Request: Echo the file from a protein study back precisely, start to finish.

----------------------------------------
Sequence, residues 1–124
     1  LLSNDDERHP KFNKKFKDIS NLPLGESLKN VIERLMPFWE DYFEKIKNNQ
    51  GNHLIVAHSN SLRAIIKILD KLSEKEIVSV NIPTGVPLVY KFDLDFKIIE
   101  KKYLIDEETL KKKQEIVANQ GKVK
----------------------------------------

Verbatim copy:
Sequence, residues 1–124
     1  LLSNDDERHP KFNKKFKDIS NLPLGESLKN VIERLMPFWE DYFEKIKNNQ
    51  GNHLIVAHSN SLRAIIKILD KLSEKEIVSV NIPTGVPLVY KFDLDFKIIE
   101  KKYLIDEETL KKKQEIVANQ GKVK